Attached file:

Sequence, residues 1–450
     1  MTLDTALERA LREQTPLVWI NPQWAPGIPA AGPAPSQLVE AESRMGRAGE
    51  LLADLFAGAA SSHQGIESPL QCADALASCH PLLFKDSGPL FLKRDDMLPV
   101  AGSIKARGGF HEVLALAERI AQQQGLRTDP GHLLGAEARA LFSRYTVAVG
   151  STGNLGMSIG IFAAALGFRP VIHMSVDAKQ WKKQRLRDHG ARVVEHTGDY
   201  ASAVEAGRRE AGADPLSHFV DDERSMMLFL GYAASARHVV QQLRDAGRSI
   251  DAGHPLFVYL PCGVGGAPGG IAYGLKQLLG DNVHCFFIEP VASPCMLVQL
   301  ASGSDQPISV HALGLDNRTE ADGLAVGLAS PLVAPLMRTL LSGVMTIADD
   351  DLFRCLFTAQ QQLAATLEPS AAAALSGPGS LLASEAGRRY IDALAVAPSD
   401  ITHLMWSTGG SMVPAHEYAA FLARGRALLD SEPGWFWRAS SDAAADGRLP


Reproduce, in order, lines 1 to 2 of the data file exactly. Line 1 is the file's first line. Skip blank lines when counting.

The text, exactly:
Sequence, residues 1–450
     1  MTLDTALERA LREQTPLVWI NPQWAPGIPA AGPAPSQLVE AESRMGRAGE